SMEs losing confidence in government policy

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Mark Pawlak for Adfero

Small and medium-sized enterprises (SMEs) in the UK are increasingly losing faith in the government, a new survey has found.

According to Smith & Williamson, just 49 per cent of SMEs believe current government policy is supportive of private enterprise.

This is 20 per cent down on the figure recorded six months earlier, and the third quarter in succession in which confidence in government policy has declined.

Nevertheless, SMEs remain largely confident about the UK's economic outlook. Fifty per cent of respondents said they believe the economy will pick up over the coming year, compared to just 45 per cent in the previous quarter.

This translated into strong confidence about the prospects for their own business, as 76 per cent expressed optimism about the next 12 months.

Commenting on the findings, head of entrepreneurial services at Smith & Williamson Guy Rigby said: "Our survey responses show a plateauing of the extreme emotions following the June referendum. 

"There was an initial panic following the Brexit decision and a huge relief rally when the world carried on turning.

"However, our respondents, perhaps buoyed by encouraging economic statistics and recent stock market highs, are now looking ahead to 2017 with a cautiously optimistic view."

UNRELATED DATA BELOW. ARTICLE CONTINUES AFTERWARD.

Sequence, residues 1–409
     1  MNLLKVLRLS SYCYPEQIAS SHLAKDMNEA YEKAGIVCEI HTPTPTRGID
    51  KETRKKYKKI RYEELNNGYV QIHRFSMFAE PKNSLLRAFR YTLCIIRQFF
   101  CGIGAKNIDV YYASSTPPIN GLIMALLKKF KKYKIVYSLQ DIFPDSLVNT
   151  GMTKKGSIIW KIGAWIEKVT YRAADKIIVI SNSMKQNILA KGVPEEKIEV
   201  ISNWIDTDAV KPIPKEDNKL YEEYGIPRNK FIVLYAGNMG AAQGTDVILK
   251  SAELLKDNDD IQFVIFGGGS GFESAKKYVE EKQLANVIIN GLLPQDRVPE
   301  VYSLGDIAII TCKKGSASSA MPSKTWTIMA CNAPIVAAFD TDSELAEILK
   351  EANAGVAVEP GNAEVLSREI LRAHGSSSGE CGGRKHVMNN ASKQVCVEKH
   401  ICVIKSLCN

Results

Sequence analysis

Nevertheless, Mr Rigby stressed that the "apparent lack of government understanding" of issues that affect SMEs is a particular concern.

Indeed, he said that for most SMEs, the macro environment "remains worlds apart from their day-to-day business challenges".

For instance, he stated that many firms are worried about upcoming changes such as business rate reforms, the apprenticeship levy, the national living wage, auto-enrolment and changes to the way dividends are taxed.

Mr Rigby insisted that SMEs do not regard all these as bad things. However, he said the flow of new initiatives has been "relentless" and had an "adverse financial or emotional impact" on SME owners.

"Like buses, they’ve all come at once," he observed.

Mr Rigby singled out the government's intention to introduce quarterly tax reporting in the near future as another imminent change that will affect small businesses.

"We strongly recommend that this is delayed, to give businesses and their advisers time to make necessary changes," he said.

"The introduction of a system that cannot be complied with easily will only add further anxiety and expense to the owners of our smaller businesses."

Interestingly, one noticeable bright point in the survey findings is a growing desire among SMEs to borrow funds.

Figure showed that the perception of access to finance has improved in recent months, leading to a greater appetite for borrowing.

"Our responses indicate that many businesses are borrowing to invest in internal infrastructure, such as their IT systems and capabilities," Mr Rigby said.

"Many believe that the creation of solid foundations will leave them better able to face any negative headwinds, increasing resilience, efficiency and growth."

Mr Rigby added that many SMEs hold the view that failing to invest in infrastructure and growth could be just as damaging to their firm as "any negative external factors".